“No one living in China is more daring than the maverick writer Yu Jie,” journalist and historian Jonathan Mirsky wrote more than five years ago. It’s even more apt today.The 36-year-old Chinese dissident and writer is about to risk his freedom by publishing an explosive new title outing China’s cuddly premier, Wen Jiabao, as an authoritarian hard-liner behind the scenes.
In China’s Best Actor: Wen Jiabao, Yu claims that “Grandpa Wen” has purposefully cultivated his populist image but in reality he is just as keen on restricting civil liberties as the rest of the party.
Chinese politicians are a distinct breed. Predominantly male, they are stiff and robotic on camera, fond of official speak, and sport identikit greased-back hairstyles.
Although 67-year-old Wen still has the hairdo, he comes across as the Communist Party’s first human being, their poster boy. He cries on camera. He hugs children on camera. He smiles and laughs on camera. He even shakes hands with Aids victims on camera.
But to Yu, this is all an act. There is little information yet as to what evidence Yu has for his accusations: That Wen is insincere and is not simply a victim of Communist party machinations, for example.
For that we will have to wait for the book to be published, which is August 16, according to Yu’s Hong Kong publisher, New Century Press. Yu is a best seller but all his books are banned on the mainland. Instead he publishes in Hong Kong, which still enjoys relative freedom of press.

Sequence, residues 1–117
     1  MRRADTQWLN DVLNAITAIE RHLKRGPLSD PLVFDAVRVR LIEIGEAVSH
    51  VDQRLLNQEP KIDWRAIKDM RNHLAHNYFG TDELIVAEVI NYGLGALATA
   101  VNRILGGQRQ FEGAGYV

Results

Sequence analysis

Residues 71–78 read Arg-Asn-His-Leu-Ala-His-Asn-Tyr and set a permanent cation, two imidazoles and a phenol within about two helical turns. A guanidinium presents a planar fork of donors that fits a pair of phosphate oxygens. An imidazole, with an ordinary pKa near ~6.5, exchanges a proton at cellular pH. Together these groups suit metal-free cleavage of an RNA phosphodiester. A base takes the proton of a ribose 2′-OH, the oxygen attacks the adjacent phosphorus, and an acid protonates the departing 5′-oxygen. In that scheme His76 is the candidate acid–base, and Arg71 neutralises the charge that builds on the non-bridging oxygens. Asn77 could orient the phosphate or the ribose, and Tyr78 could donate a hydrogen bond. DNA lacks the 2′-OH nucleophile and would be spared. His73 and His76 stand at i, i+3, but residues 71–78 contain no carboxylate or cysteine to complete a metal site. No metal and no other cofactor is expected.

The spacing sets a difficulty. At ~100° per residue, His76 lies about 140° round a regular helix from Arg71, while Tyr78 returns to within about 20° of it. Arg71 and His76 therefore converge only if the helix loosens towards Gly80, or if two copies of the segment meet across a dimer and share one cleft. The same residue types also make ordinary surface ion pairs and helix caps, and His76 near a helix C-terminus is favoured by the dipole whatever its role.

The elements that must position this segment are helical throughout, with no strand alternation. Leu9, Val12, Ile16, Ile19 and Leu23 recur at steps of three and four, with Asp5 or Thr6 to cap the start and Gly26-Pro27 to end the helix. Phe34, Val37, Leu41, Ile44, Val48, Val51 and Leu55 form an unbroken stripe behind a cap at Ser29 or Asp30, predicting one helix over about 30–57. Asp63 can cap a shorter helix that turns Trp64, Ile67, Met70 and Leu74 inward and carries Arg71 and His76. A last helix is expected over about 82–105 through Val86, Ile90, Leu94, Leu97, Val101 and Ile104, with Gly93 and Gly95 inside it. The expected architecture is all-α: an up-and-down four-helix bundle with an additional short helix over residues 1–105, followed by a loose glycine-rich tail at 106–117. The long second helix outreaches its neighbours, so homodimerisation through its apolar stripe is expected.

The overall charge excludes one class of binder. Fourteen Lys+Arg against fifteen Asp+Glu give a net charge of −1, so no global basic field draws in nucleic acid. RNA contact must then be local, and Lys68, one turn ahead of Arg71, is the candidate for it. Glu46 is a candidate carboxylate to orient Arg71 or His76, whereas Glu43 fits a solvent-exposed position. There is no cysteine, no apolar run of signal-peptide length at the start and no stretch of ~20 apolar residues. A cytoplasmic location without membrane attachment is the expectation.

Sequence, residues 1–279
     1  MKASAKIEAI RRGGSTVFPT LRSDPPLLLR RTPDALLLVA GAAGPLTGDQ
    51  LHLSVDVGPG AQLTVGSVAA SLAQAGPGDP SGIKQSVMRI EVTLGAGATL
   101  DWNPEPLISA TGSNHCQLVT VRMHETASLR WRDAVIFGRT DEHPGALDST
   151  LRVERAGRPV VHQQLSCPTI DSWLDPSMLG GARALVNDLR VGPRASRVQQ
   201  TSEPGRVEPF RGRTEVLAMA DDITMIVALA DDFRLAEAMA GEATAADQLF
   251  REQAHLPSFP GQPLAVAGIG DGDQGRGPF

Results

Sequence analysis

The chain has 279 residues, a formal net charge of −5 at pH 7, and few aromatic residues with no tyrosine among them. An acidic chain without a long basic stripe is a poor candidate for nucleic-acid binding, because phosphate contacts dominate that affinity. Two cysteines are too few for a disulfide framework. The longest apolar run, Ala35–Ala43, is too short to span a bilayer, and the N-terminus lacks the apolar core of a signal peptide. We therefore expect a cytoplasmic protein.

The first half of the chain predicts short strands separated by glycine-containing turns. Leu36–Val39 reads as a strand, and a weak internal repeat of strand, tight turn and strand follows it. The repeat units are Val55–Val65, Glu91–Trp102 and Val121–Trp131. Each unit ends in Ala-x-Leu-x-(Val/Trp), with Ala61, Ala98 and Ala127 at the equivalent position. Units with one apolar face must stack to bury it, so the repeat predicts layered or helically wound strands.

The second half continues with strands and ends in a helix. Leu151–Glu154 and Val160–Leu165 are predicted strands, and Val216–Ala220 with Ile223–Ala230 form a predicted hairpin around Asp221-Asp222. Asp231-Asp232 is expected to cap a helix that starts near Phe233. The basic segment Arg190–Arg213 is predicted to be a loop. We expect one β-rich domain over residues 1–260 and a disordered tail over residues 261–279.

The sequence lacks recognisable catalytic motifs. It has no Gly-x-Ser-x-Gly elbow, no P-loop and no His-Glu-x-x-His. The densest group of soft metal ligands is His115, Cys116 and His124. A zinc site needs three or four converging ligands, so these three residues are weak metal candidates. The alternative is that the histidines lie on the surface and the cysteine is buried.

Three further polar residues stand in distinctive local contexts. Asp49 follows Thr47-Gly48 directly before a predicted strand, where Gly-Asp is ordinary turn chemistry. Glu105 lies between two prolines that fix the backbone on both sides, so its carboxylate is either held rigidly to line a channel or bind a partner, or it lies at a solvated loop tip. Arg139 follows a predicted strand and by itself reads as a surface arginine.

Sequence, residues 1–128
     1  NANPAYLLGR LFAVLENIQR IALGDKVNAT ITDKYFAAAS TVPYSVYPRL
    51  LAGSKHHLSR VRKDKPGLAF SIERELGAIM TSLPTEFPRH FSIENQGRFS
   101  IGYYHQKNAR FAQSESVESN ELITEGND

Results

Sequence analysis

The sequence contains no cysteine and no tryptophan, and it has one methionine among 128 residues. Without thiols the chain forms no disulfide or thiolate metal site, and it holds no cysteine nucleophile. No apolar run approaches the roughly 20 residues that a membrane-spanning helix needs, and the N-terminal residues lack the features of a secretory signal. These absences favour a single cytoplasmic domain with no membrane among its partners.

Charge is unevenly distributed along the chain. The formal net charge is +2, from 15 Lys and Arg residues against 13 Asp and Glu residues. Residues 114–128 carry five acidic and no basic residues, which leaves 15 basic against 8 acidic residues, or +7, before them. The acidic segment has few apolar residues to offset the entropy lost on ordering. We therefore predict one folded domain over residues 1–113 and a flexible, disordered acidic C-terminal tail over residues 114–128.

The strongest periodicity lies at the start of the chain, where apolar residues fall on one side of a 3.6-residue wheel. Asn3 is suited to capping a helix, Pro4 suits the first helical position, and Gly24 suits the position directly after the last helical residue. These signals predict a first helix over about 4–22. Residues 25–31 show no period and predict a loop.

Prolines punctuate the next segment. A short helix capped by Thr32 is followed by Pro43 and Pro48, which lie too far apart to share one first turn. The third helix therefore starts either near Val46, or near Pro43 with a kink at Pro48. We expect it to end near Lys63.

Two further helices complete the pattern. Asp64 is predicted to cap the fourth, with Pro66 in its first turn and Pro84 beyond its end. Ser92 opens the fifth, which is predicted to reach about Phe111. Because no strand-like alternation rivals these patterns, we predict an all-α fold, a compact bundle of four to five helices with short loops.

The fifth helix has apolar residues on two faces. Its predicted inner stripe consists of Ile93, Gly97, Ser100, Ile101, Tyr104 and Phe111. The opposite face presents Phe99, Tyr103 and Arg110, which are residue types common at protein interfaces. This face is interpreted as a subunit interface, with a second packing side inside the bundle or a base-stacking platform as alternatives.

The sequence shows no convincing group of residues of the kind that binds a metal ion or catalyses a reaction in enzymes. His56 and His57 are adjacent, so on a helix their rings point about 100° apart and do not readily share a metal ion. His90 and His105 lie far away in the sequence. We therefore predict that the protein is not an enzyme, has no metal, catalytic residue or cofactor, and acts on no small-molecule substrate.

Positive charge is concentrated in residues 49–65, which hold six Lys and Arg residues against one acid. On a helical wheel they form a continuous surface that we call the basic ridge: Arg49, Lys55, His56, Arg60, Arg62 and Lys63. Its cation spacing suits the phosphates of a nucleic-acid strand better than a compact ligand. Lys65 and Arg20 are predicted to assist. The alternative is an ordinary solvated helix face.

It’s amazing that Yu has stayed out of jail so long. Over the years he’s spoken out for everything from religious freedoms to democracy. He once proposed that Mao’s body be removed from the mausoleum on Tiananmen Square. Most recently he’s spoken up for the exiled Tibetan leader, the Dalai Lama.
This is not the first book he’s published about the Chinese leadership either. Last year he released Confrontation between Liu Xiaobo and [President] Hu Jintao (Chinese name: ??????????) which went virtually unnoticed by the western press. Liu Xiaobo is another dissident writer currently serving 11 years for his efforts to call for political reform.
On his twitter, Yu, whose username is Yujie89 (a reference to the Tiananmen Square massacre) says his Wen book is much more risky because he is singling out the premier. Yu is going ahead with the book even though on Monday he was detained for four hours by police and threatened with jail if he published.
“As a writer, I consider freedom of speech an essential part of my life,” he told The New York Times. “Without it I will be a walking corpse, with no meaning and no value.”